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EL PASO HERALDEDITORIAL akd MAGAZINE PAGE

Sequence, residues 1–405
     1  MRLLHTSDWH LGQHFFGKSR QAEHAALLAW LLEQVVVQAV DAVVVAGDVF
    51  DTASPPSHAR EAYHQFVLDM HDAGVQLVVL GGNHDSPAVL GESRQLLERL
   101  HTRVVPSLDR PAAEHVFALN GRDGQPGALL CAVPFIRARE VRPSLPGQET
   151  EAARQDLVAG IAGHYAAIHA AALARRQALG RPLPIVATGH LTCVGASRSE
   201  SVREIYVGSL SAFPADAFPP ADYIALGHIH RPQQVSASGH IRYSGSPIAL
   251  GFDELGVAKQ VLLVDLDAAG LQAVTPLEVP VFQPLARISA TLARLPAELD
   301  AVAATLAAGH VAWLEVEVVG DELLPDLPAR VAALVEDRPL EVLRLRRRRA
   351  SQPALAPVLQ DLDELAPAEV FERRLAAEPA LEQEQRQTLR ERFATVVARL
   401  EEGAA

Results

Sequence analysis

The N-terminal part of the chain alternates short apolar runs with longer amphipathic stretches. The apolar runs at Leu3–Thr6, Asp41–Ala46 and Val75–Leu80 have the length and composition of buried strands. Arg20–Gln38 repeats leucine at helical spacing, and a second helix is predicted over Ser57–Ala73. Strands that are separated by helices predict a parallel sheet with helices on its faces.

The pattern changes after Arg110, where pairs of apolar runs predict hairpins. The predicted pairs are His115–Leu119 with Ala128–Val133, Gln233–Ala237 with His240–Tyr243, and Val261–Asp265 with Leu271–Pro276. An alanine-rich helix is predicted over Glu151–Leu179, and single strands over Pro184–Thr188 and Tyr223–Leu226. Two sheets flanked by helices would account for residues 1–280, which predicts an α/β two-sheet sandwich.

Tuesday, April 25, 1916. Cannot Withdraw Now No Intervention Little Old Ei Paso Where Mayor Lea Hesitates Short Snatches From Everywhere It is 1 5 weeks since Santa Ysabel, and neatly seven since Columbus. American troops have penetrated into and beyond the region where the Santa Ysabel massacre took place. No doubt many of the bandits who took part in the massacres there and at Columbus have been in the groups which have been fleeing from the Amer ican columns, and some of them have been killed, wounded, or taken prisoner. But it is not true that the Villa bandits have been effectually dispersed. It is not true that they have been beaten. It is not true that they have been duly punished. And, so far as anybody knows with a degree of certainty, both Villa and Pablo Lopez, actual leader of the Santa Ysabel assassins, 'are still alive and at large If it be at present impracticable to continue the actual penetration and pursuit farther into Mexico, at any rate the troops now in Mexico should not be with drawn until Villa's body shall have been fully identified. There is every reason why the death of this man should be insistently required by tie American government. It will comply with every demand of justice if the Mexicans themselves take Villa, try him under Mexican laws, and execute him; or if they do away with him in combat; or if the Americans take him alive or find his body. Nothing less should be thought of by the American government. The troops now in Mexico should he supported with sufficient forces to enable them to hold their lines and bases safely under any circumstances that may arise; the Carranza government and the Mexican people should be told plainly that the Amer icans will remain on Mexican soil until Villa is proved to have been disposed of, and that they will withdraw when satisfactory proof of Villa's death is given, and not before. By this, it is meant to say that American troops shall stay in Mexico for many years if the inaction of the Carranza forces or the deliberate acts of the people make Villa immune. There seems to be no doubt that there exists a regular propaganda in the United States in favor ol general intervention in Mexico. A portion of the press is calling vigorously for intervention, at once and in overwhelming force. If important mining, railroad, or industrial interests controled by Americans or Europeans are concerned in this, the rumors have nowhere appeared to have sufficient color of truth to be taken seriously; this does not mean that there is no such activity, but merely that specific proof is lacking. Rumors of the activities of .various anti-Carranza factions in Mexico and the United States are also vague. It is repeatedly declared that these interests are working for American intervention, yet those Mexican factional leaders opposed to Carranza who are most outspoken are as free in their expressions of opposition to American intervention as any others. Up to this hour, the intervention talk appears to The Herald to come chiefly from a part of the press which has been carrying on this propaganda more or less consistently for a long while, or else from politicians who hope to raise a campaign issue that will catch the popular fancy. The intervention talk does not seem to have any serious foundation or backing; certainly it is far from the mind of the present administration at Washington. Talk of the kind indulged in by the Hearst news papers and others, serves only to stir up ill feeling and gets nowhere. The situation in Mexico does not call for general intervention yet. It is possible to carry on the present movement to successful conclusion, but only on condition that the Washington government stand pat and refuse to listen to suggestions for withdrawal at this stage. Carranza may be playing the game the best he knows how. But he ought to be able to see that the crushing of Villa and his forces would be the best thing that could happen for Carranza especially if Carranza succeeds in making the Mexican people believe that he did it. El Paso goes right ahead growing, breaking all her ' own records and most of the records that have been set by live cities in the United States. It is safe to say that in the whole country there' is no other city with such a remarkable record of recent prosperity, sound development, and healthy growth. Dire things have been predicted from time to time. The city has passed through a number of trying situations. There have always been plenty of croakers to whine, "Now is the time to look out, the town is going to have a setback"; and then with equal certainty there have been found plenty of people to regret that their own lack of faith kept them from investing in a good piece of El Paso property "before the latest rise." Fortunately the situation in El Paso for the last several years, while marked by conspicuous growth and business activity, has not called for or encouraged mere speculation. Real estate is not changing hands in any large amount for mere gambling purposes, on comparatively small margins with the calculation that the notes will be taken care of some way, when due, ny increased values or a lucky sale. On tie contrary, most of the real estate purchasing, both residence and business, is for improvement and use. Never before have so many new buildings been in course of construction; never before have suitable resi dence or business locations been so hard to find. Rental property is scarce. El Paso isa city of owned homes, and most new residences, especially those of the better class, are sold before they have a roof on. In all lines of business and industry, there is great activity, and there are no signs that there is going to be any slacking up for summer or anything else. There is not a single unfavorable symptom in the local situation, and everything points to steady and in creasingly profitable business in all lines throughout this year. Munich, Bavaria, in the German empire has the courage of its convictions and then some, f the report be true that an ordinance prohibiting conspicuous dress ing has been recently passed and actually earned out They say one young woman was arrested at the railway station where she went to meet an army officer, and was taken to the police station and there required to wash all the paint and powder off her tace. El Paso has a brave mayor, a mayor loyal to the good traditions of our cities, .1 progressive mayor, a mayor who likes clean faces and one who knows hats what in a woman's looks, and who knows when she has put on too much complexion. But it is doubtful whether he would have the nerve to have the most thickly painted and powdered of them all, haled to court and ordered then and there to wash her face clean. And if such an ordinance should be universally and rigidly enforced here, wouldn't there be a pretty fuss? o One of the best proposals in connection with a large national reserve army is that which provides for en listment of state Tegiments, to carry state names, as the volunteer regiments in all our wars have done. Such a plan would stimulate competition, and feed state pride while intensifying the sentiment of national sol idarity. o They say the partridges over in. Europe have discov ered that the safest places for fat birds in the war zone, are under the barbed wire entanglements between the trenches. No man can get them, and the birds have learned to lie low when the cannonading begins. And yet they say nothing living except man who embraces woman has brains. The kaiser's job of keeping his own people contented while trying to keep peace with the United States, is something like Carranza's, though the kaiser will prob ably look farther ahead than the "first chief." War with Germany? Who wants It? Nobodv but the Jingoes and the makers of war monitions. Waco Tribune. J. 3L Covey is building a fine hog house, all reaiU for a stove. Listen for the wedding bells. Oskaloosa. Iowa, Herald. Mr. Bryan estimated that he lias traveled 500.0UO miles. And without really getting anywhere. Springfield Union. At any rate, universal military service is one policy Mr. Bryan cannot claim to have originated. Pittsburg Dispatch. Horrors of war are multiplying. American troops In Mexico are reported to be shy of cigaret papers. Grand Haplds News. When some men get to the end of a rope they are clever enough to grab another one In the mldtlle. Topeka State Journal. China Is reaping the harvest of centuries of "peace at any price." What have our pacifists to say about It? New York Commercial. An El Paso dispatch says Villa can not get a fair trial In Texas. Villa is not asking for a fair trial in Texas, either. Houston Post. Don't be too hard on Carranaa. Teaching some Mexicans sense is a pretty big job for any man Charleston. News and Courier. Every worth while man has lucid intervals In whli h he realizes that he is a miserably poor specimen of humanity. Nashville Tennessean. The punning paragraphers will note, of course, the appearance of Gen. Vlllareal on the scene as the latest Moxican Insurrectionist.. Providence Journal. Soldier boys in Mexico have all made an Interesting discovery. They have found out what color, their beards are. Many men in r-ivil life live and die with out knowing. St Louis Globe-Democrat ' A lot of trouble is being stirred up for Yuan Shal Kai, but he probably consoles himself with the re flection that when the big war is over the old Jealousies will be revived. If they are. he will let the other fellows worry about the integrity of China Chicago Chronicle. Spring Fever Is Imitation Of Creeping Palsy Often Attacks Man In Busiest Season Of Year SPUING FEVER is a successful imitation of the creeping palsy which attacks man in the legs as soon as the snow Is off the ground. It often strikes In at the busiest season of the ear, when man should be full uf Jamaica ginger and cayenne pep per, and converts his legs into so much ornamental shrubber). Spring fever is caused by a feeling of deep lassitude spreading over the extern and refusing to yield to argu ment Many a man has been over come b spring fever on a warm, sun ny da, at the erj time when lie ought to be cording up dress goods in the I'jsement or washing the front win dows, and has been totally lncapoi t.ited for work. It requires strong will power to throw off an attack of the spring fever which has secured a good hold, and thousands of victims find It necessary to go to the golf links in order to be properly treated. Some people have spring fever htiril.F than nlkam anA afUi 4 fan. ears become subject to violent at- I By HOWARD L. RANN tacks whenever confronted with tacKs wnenever conrrontea wun a fo-c-o-o- hum 'ti ... CT MO ulij toiucTto THAT G1 WMfw7 tuoMi hatia -.--r- votK ft. nvw "-?- -TCI ' n.b. I If this kind of spring f.cr nerr common than It Is, there sroulri he more itUcs with two changes of Mf rect drena. ila work It is a dreary sight to see a robust young husband starting out on the matrimonial sea equipped with energv and $3 shirts, only to suc cumb to the spring fever which sets in on March 31 and runs until the follow ing April Fool's day Many of the most promising oung men of this country, who were able to plav baa ball and lawn tennis ten hours' a ua while in college. hae ontracte a low. tenacious form of spring feer immediately after the marriage cere mony and become afraid to venture out of the pool hall for fear of getting sunstruck. If this kind of spring fever were less common than It Is, there would be more wives with a hopeful future and two changes of street dress. The most foolish man in business is the one who fights the spring fever w ith a tired bod and an exhausted mind, and refuses to take a little fun along with his work Spring fever is sometimes a warning signal of the i victim that he had better rest up while the resting Is good. A little touch of spring fever, just when the links are turning green, is a 'good thing, but It should not be allowed to become a fixed habit (rrotectea by Adams Newspaper Service) ABE MARTIN A Serial of Family Life Wkat Happened To J ane By V1KGIMA TKItllUMJ VAX UB WATER. She Surprises Her Mother and Learns a Secret "Vl' right 1913 CltllTlIll YI.. JANE REEVES walked rapldl over the distance separating her hus band's home from her father's sshamed as she was of her flight there was w"h her also a sense of gratitude for Mar Baird's kindnuss. M-at a change Had come over the woman: And It nan, apparently, all because of the few words of sympathy that .lane had spoken to her on the da of the painfu scene oer the miss- j ing dresses Tbire must h.ie been little that was kindly to Marj's life If a trifle i den't!" Star Company l How well she was learning to act her part' She was astonished at her own fluency, her ability to hide her I wounds. A Great Difference. I "But before he was married he i t piked different," the mother argued. 1 "Do you know that pa and I have i never been asked to take a meal in his bouse, except once when Augustus said after church that we might as well I come along home to dinner with you 7 And we wouldn't come on that kind of an Invitation " "Of course not," Jane soothed. "But that's his way, and I don't like to suggest his asking you. But I will nave you over mere soon, see if i isn't so ready with his kindnesses now. What did she mean? Jane dared not ask. She was spared the neces sity of doing this by seeing her father coming up the path. Here's father now I" she announced, then, added hastily: "Please let us not talk of disagreeable things for the little while I'm here, mother. Keep father away from them, won't you?" Mrs. Hardy did her best and with such' sucess that after Ezra's first sentence of reproach because Jane came to see them so seldom, the conversa tion flowed on pleasantly enough. When, added to their pleasure at No Volunteer Truck Drivers Vanted In War Texas Salesman Offers $1000 To Go To Front Tipton Bud has promised his wife a new electric jest as soon as we capture Villa. When a feller begins t' complain o th' immodesty o' women he's gittin' purty well along in years. (Protected by Adams Newspaper Serrlce) having her with them, the parents learned that their chlrd would like to remain and take supper with them. the last vestige of resentment against her was banished. Jane talked rapidly and excitedly. She felt like a prisoner who has man aged to steal a bit of freedom and who means to make the most of it before the Iron bars shut him in again. (To Be Continued.) volunteer truck drivers are anted in the war zone in Rurone." said George t. Spence, representative of the V lehita. Truck company who has Just returned from the war zone where he placed an order for 100 Texas made trucks. "I offered 1100 for a chance to drive a truck or ambulance to the front in or der to get near the firing line, but there was nothing doing. They told me I could enlist and go for nothing, but I did not care for the clause in the enlistment which said it was for the period of the war. I saw Ger mans interned and they all told me that they were glad they were in prison instead of on the firing line. The French seemed to be making the bravest fight, and everyone who comes in close contact with them admires them for the plucky fight and laik of heroics. Two more years will be required before the bloody story of the war will be ended " "El Paso bears every evidence of prosperity," said C. A. Hotchkiss of Galveston, "and has grown wonder fully since I was here a few years ago. I was out riding over the city today and saw evidences everywhere of growth. Galveston people have forgotten the storm of last summer, and are pulling together for a greater city. Conditions are again normal in the city." "Petitions by property owners for paving in various parts of the city continue to come In fast" said alder man John W. Fisher, chairman of the street and grades committee "There is a world of work ahead of us and the engineer's department is very busy preparing estimates for work au thorized. In fact, the 'department is far behind with this work. We have before us also many petitions that have not as yet been granted, and con siderable work Is now under wai." "In calling the Central station for the purpose of turning in an alarm, if El Pasoans would state the nature of the fire it would save a good deal of time for the firemen, and expense for the city." said chief John W Wray. "If the fire is not of a danger ous nature, and is but a small amount of trash or fence, it would certain!) be to the advantage of the depart ment as far as tone and expense is concerned, to state so The reason that this should be done is that from one to three companies answer every call that is made, and if the fire was but a small one, only one compan would have to answer the alarm, while the others who sometimes go over a mile, could remain in their territorj in readiness for a second alarm." "I am glad to see that wo-k has started on the new market btlldlng, as it cannot be completed too soon." said C. H. Reid. "The market is a necessity that will fill a long felt want of El I'aso people, and will also b. beneficial to valley farmers. k dis posing of their goods, and enourage them to raise more products amualli. I understand that the market Is 'o be maintained on the same plan is the municipal one in New Orleans " ' Each morning when I get u I ui to myself it Is well that ou extrcise.' said Robert Silverberg "Ther I go through some of the ballet drlls that J. Landrum Graham has taught tie and later strike out for the foot hilln where I walk until I feel all prim It strikes me as a good idea if ttv busi ness men would get up an early morn ing walking part and get out ever morning before breakfast This -would help us to keep oung and Improve the groiery business " A New Series By Dorothy Dix like Jane's compassionate sentence I" iid moved her to such an extent Had her husband who, perhaps, after a'l was not dead been cruel to her? st first she had seemed artirelly to resent the fact that Augustus had l'i ought a wife home. She may have f.inried that the new wife would try io banish her from the house that had hi en her home for many years. How hurt Augustus treated her all this till!. ' If he could be so harsh to his wife, mikht he not have been unkind to a hireling' If so, why had the woman nor left him long ago? Had she fenred that she could not seeure an other position? She might have Known that with her ability, she could eet a place as housekeeper la some . direr nome. So many questions were always coming tip to puzsle her. Jane reflected now as she sped along the snowy ifuntn road She mused upon her girlhood days and wondered if she had ever had a carc then. eYt in a life as circumscribed as hers was now. one would suppose there would be only a monotonous calm. There was monotony, undoubtedls dreary, dreadful monotony. But there was not calm that Is, no in ner calm. There was something al ) brooding, alwas treatening In the background, something too intangible to be faced, yet powerful enough to make her afraid of she knew not what She entered her father's house without knocking ami went right into the kitchen -where her mother was sitting. MrB. Hardy exclaimed in sur prise when she saw her. Surprises Her Mother. ' I've come to make you a little visit, mother." Jane announced. "It's good to get here " She looked around on the things that had been a part of her child hood and girlhood articles that had seemed plain and tame once, but that now were full of beautr rhr her Th. westerly sun came In at the windows: the kett e sang on the range, the I Kersniums Dioomeo on the window sills, the red cloth was laid on the table And, best of. all, her mother was there. "Where's father"' Jane questioned. Down at the village. I sraeee," Mn. Hardy replied. "Pa isn't right Veil these days. He worries a lot And then, Janle. I think It kinder hurts him that you don't come over oftener When you told me last night that you'd see me soon, he said afterward that he d bet you wouldn't come over for a long while yet He thinks you don't care much about us, now that you're married And then Augustus he don't seem to care much about us either now that he s got you" The voice was plaintive, and Jane .new 'hat many discussions with . ". f'ardv had made her mother i'irt.s,ck- 8ne knelt own by the elder! woman's chair and put her arms about her. ' Dear little mother," she pleaded, drawing the gray head down upon her shoulders, ''please don't doubt me. i lo e you as much ys. better than ever. But Augustus hn nM.f.0hi. notions about a wife's plate being In I ,r "I? And h ants me to stay ( "" "" . ne ooesn't care much Ji'iiH--foln& iut' .and h think I fhouldn t Perhaps," with a forced JauKh he forgets that 1 am less 'ion - nd of courm i don't want I" remind luni of the difference in our ftges. it would not be kind." JJL n?w; "Oh. I don't care about the mother said listlessly. "Pa feels so hard about It that I don't want to suggest anything that will freshen It in his mind. He thinks Augustus isn't treating him fair that he's pretty hard on him." The wife stood up. "Father knew Augustus for many years before my marriage," she said gravely. "He Is the same man now that he was then." "Pa says not" Mrs. Hardy per sisted. "He says he was full o! promises ot help then, but that he Wky I Never Marriep! The Woman With Too Much Money Tells the Story of Her Failure. ( llTp HE reason I am an old maid." saiu one woman, "is because I was too rich. I had money enough to buy everything else in the world except the one thing that I wanted most of all. and that was the sort of a wedding ring that I desired. "I wanted it to be made of the pure gold of disinterested love, and set with the Jewel of a real, genuine man, and I didn't want to buy it I wanted it to come as a gift, and it was never offered me. nv DOHOTUY DIX. this country. And that's about the limit of their matrimonial opportunity. "Now, it must ben unpleasant thing to a man to suspicion that he is being married for his money, and that his bride Is thinking more about his pocketbook than about his heart, but custom hag inured men to the depend ent women, and, moreover, men have a more robust vanity in matters of the aztection than women have. barrier between her and the world of young men who are doing things the young men who have brains and brawn, and who are fighting their way to the front by sheer strength of their own ability. "This is the kind of man a rich girl would like to marry. But she never gets a chance- she never even meets mm. roomR or afternrwin "toftlncr ni. frtllni H ..... .nt .3... .I..- t-l 1.M1. ... , ... . . . ..... c .x man oDiuuiii uuuuifi tup nuiiiiT iu . arouna iron linKs. ma u t wnfir charm any woman he desires, while a J "it's only the little whlDoer-ani woman is always a Doubting Thomas Ina, continually demanding to be told that a man still loves her. should a rich girl marrj him" The poor girl might marr him for th sake of the jewels, the fine clothes, the town and country houses he can giv her The rich girl has all of these ct her own. She doesn't want any more "And she has seen so much of the skeletons in the closets of her wialthv frlAflHa tttA lnn.lv r.n.4 .1ai,kv.,..4 ... He is not hopping around ball- i the boredom of couples that haveio In terest in common except the atocRmar- er. me scandals that servants A Thing to At old. "Therefore, the fortune hunting man is not only a creature of peculiar re pulsiveness to the rich women, but one she is continually seeking to avoid. It Is only when rich women get very old, or so hungry for love that they shut their eyes and refuse to see whether what is offered to them Is black bread or cake, that they cease to look with suspicion upon the motives of every poor man who comes near them. "Of course, the rich woman's fear of being married for her money Is a two edged sword, which cuts both days. It defends her from the horde of con "Did you ever think that no women In the world have such poor chances to make good marriages as rich girls? Cf course they have chances to marry, by the dozen, the miserable little male paraBltes who think that it's easier to put up with a rich wife than it is to work for a living. "And they can marry In their own wealthy set some rich fool who has lived abroad long enough to get an Idea about keeping fortunes together and building up a moneyed aristocracy n onlv the little whlDner-snanner idlers, the wasters and spenders, that lorm the men of her world, among whom she has to marrv. The Benson Why. "And these worth-while young men. w-ho are making something of them selves, and are going to be the big men of tomorrow, don't want to marry rich girls They are as sensitive of their honor as a woman is of hers, and they writhe at the very thought that thev would sell themselves In marriage, or that they are dependent upon their wives, or owe their success to being bolstered up by a wife's bankroll. "They are Just as afraid of being called fortune hunters as the rich girl is of being sought by a fortune hunter, and that's why rich girls so often marrr men that noor rrirls wouldn't Twii.- The rich girl has not the poor girl's temptlble men who are wllllnir to marrv to be sunDorted. hut It also drives away from her the worth-while . chance at a husband. men among whom she might find her j "And as for Gilded Willie, whose real mate. , father has bequeathed him everything "It makes the joung man who has ) on earth but brains and morals, why self respect, and character, and energy, ' - . and ability, and who would no more I marry a woman for her money than he would default with a truBt fund In his 1 keeping, fight shy of an heiress as he wlUnn i ieiujia ineir nana. "The rich girl knows that a heart can break under diamonds and pom lace just as much as it can under lome spun, and that the tears that art shed Into embroidered linen and lace pllows are Just as bitter as those that wet cot ton ones, and so she does not wint to marry for anything but the simple old reason of love She wants sottebodr who will love her foi herself aloie, for the woman she is and not the balk ac count she has got. and she wants real man for her husband, a man of Intelli gence and force, and principle, anc hon esty, not a gold plated fool or a nara sitic fortune hunter. And it's be'au-e she has the poorest chance of any wo man of ever finding a good hu'tanil that wealthy girls so often don't man at all, or marrj so liadl). "That's the reason 1 never mar-ied I wouldn't have an of the men tmt I could get and the sort of a man t should like to haie married, I n-ex had a chance to get ' would of a case of smalloox. "The girl herself may attracts him. for rich girls are just as pretty, and charming, and human, and lovable, as poor girls, but her money stands as a LETTERS To She HERALD (All communication! muit bear the signature of the writer, but the una will be withheld It requested! THE DAYS OF REAL SPORT BYBR1GGS WS!SsL (oh skim-nay! " WMh oJPSFl "law . LKA FOR. TATtK AX1MAI.S. j Editor El Paso Herald: i Have you ever noticed the deplorable condition of the animals in Washington park? Has El Paso no pride? Mr. Sheppard, the custodian, does bet ter than most keepers would try to do under the circumstances. He keeps the cages clean and the animals In good health, but how do you expect animals to live In a cage where they have Just enough room to turn around? I well paved streets The animals in the park catch the full benefit of the nice afternoon sun. Take the bears, two or them down In pits; and Tom. poor old boy. out with out any protection whatever. Do you expect the animals to stay In a good humor ' Wake uo. El Paso! Your nark cairns i-. .. .' -- . ..- iook iikg a show. SAYS SPUED I.1AV VIOI.VTFD. Editor EI Paso Herald Will you please advise the public n the present administration of "All Pcli tics and N"o Business" has repealed the traffic ordinance, as we all note Jit neys, private cars and others, especial the Jitney Co 's cars, running all the wjay from 15 to 30 mil-s per hour on tlu business streets also cars without num bers: cars racing on Montana and othr In conclusion, beg to ask if it is pos sible that what was to have been "More Business and Less Politics" administra tion is afraid that it may lose a fen otes this fall if it enforces the law thereby placing more value on thei political positions than the lives of the women and children which the h.ih ten cent Mexican wagon sworn to do their duty by. Leon Garcia. A. E. Allen. Tomorrow's Tangle ..T IHE BIGGEST FISH Y6VER CAUGHT OMORROW'S tangle to the winds resign," old Omar said, and thus in one onei line, set iorin more wisaom tnan most poets spring, in all the years through which thev live and sinr. With present trriefs man fear lessly combats; he pulls their ears and kicks them in the slats; and, like a knight in armor gone afield, he quite enjoys the tilting that they yield. But, having whipped the dragons of today, with manner bold and debonair and gay, he feels the ardor in his breast expire; "Tomorrow's dragons and chimeras dire," he mut ters low, "will seize me by the throat, remove my scalp and bear away my goat." Tomorrow's dragons may be one inch tall; tomorrow's troubles may not come at all. If you today have fought a goodly fight, forget your fears, and sleep in peace tonight, and when you wake the good old sun will shine; tomorrow's tangle to the winds resign. (Protected by the Adams Newspaper service.) WALT MASON. EL PASO HERALD DEDICATED TO TOE SERVICE OP THE TEOPLE. THAT ?fO GOOD CAUSE SHALL LACK A CHAMPION. AND THAT EVIL SHALL NOT TimiVK UNOPPOSED. H. D. Slater, editor and controlling owner, has directed The Herald for IS ycarl J. C. Vi ilmarth la Manager and G. A. Martin la New Editor. MEMBER ASSOCIATED PRESS. AMERICAN NEWSPAPER PUBLISHERS' ASSOCIATION. AND ALD1T IUREVU OF CIRCULATIONS. AN INDEPENDENT DAILY NEWSPAPER The El Paso Herald was established in March. 1SS1. The El Paso Herald includes also, by absorption and sue session. The Dally News, The Telegraph. The Telegram, The Tribune, The Graphic, Tho Sun. The Advertiser. The Independent The Journal. The Re puhltcnn. The Bulletin. TERMS OF SUBSCRIPTION Dally Herald, per month. 60c: per year. J7 00 Wednesday and Week-End issues will be mailed for J2.00 per year THIRTY-SIXTH YEAR OF PUBLICATION Superior exclusive features and complete news report by Associated Press Leased Wire and Special Corre spondents covering Arizona. New Mexico, west Texas. Mexico. Washing ton. D. C.. anoV New York. Entered at the Postoffice In El Paso, Texas, a Second Class Matter.